How to ensure your donation makes an impact
We have all heard the saying: “If you want something done right, do it yourself.”
This might be a good mantra, but it doesn’t work for everything.
If you want to tackle a major global issue like ending violence against children, eliminating poverty or supporting children in emergencies, you will need to team up with other like-minded people.
In most cases, this means donating to a charity or not-for-profit (NFP) organisation that is committed to solving the problem you are passionate about, and has proven expertise in that particular area.
But how do you know your donation will make an impact? Which charity should you choose? Can you determine if a charity is reputable? How effective are their programs?
Is it possible to get answers to any or all of these questions? The answer is yes.
The charitable sector is highly regulated in Australia, and you can now do a lot of your background research online.
Is the charity registered?
In Australia, charities and non-profit organisations are registered through the Australian Charities and Non-Profit Commission, the independent national regulator of charities.
You can use the ACNC’s website to see if a charity is registered. If a charity is registered they must keep records, comply with governance standards and report to the ACNC each year.
If you are looking at an organisation that works overseas, like ChildFund Australia, you can check if it is a member of the Australian Council for International Development (ACFID), the peak body for Australian non-government organisations (NGOs) working in international development.
Members of ACFID must sign up to the Code of Conduct and commit to more than 150 obligations aimed to enhance transparency and accountability.
The code is underpinned by a set of values – integrity, accountability, transparency, respect, effectiveness, equity, cooperation – which inform the behaviours of all ACFID’s members all of the time.
Finally, charities registered with the Australian Taxation Office can provide you with a tax deduction on any donation over $2. You might want to query any organisation that can’t offer this, as it may mean they have not been able to prove their charitable status.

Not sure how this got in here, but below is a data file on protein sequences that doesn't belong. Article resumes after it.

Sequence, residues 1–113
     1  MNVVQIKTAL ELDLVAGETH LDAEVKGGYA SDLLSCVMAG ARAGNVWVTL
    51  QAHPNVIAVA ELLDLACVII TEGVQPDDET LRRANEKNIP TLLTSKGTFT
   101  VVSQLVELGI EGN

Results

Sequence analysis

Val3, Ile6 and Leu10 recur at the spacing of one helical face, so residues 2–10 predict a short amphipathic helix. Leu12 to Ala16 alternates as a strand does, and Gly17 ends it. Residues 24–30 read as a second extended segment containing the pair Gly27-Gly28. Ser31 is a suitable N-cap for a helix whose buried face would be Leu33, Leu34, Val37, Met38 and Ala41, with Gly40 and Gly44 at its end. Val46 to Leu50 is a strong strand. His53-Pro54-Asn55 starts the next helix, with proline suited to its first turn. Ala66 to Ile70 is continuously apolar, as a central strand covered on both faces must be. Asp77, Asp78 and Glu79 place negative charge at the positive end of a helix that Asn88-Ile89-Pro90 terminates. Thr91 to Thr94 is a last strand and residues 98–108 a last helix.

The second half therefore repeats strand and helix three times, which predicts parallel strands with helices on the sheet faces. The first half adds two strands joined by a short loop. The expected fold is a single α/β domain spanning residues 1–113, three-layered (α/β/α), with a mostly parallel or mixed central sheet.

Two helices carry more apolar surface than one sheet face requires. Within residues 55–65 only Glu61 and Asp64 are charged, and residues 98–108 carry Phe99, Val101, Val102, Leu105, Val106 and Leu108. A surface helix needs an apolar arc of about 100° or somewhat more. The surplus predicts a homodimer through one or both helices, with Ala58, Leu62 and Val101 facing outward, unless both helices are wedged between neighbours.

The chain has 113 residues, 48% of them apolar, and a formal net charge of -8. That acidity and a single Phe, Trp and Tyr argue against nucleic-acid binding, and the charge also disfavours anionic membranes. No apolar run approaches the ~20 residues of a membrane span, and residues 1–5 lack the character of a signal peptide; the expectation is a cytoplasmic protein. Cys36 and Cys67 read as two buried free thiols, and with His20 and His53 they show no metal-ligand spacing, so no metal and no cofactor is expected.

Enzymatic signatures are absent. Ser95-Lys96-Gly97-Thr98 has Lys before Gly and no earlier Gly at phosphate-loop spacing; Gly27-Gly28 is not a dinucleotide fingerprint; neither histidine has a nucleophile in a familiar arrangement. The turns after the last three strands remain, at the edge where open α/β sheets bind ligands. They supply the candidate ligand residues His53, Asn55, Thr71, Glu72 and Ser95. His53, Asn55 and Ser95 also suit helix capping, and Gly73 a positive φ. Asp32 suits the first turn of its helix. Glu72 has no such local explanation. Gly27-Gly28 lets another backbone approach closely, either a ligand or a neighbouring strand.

How does the charity help?
It’s important to find a charity that is the right fit for you. The more information you can find out about an organisation, the better.
The vision and mission is the best place to start – this highlights what the organisation hopes to achieve, and how it intends to do this.
Most not-for-profits will also have detailed, long-term strategic plans that are available to the public. These defining the charity’s key objectives over a set period, their future direction and give you a better understanding of the problems they are trying to solve.
How does the charity measure impact?
For a charity to be effective, it needs to consistently measure its work and look for improvements.
ChildFund Australia designed a Development Effectiveness Framework (DEF) to measure and evaluate the effectiveness of development programs. By counting tangible outputs and measuring long-term changes, ChildFund is able to assess the extent to which it has contributed to improved living standards for children and communities.
When you are looking for an organisation to support, make a point of looking for the tools they use to monitor and evaluate their programs.
How will you know what impact your donation is making?
When you make a donation, most organisations will provide you with feedback on how your contribution has supported their work. This could come in the form of stories from the field, publications or newsletters.
Sponsoring a child is one way to receive ongoing feedback, as you will have the opportunity to correspond with a child, and hear from them personally.
Finally, any reputable charity will produce an annual report at the end of each financial year. In ChildFund’s case, the financials included have been independentally audited by KPMG so you can have confidence in the numbers being reported.
We also provide a summary of many of our achievements in this report, as do many organisations. This is a great way to get an overview of the types of work a charitable organisation is conducting, and the progress they are making.
Three generations put best foot forward in charity fun runRead Story
Getting off the beaten track with a postie bike in CambodiaRead Story
Friendship inspires long-time sponsor to leave a gift in her willRead Story
Australian engineering boss employs his former sponsored childRead Story
Olivia gifts a cow for her birthday to help childrenRead Story
More children are thriving in developing countriesRead Story
Four ways you can make a difference todayRead Story
Two Tales from children around the world: Eli and YiRead Story
When sponsoring a child’s potential comes full circleRead Story
Sydney students keep it sweet for good causeRead Story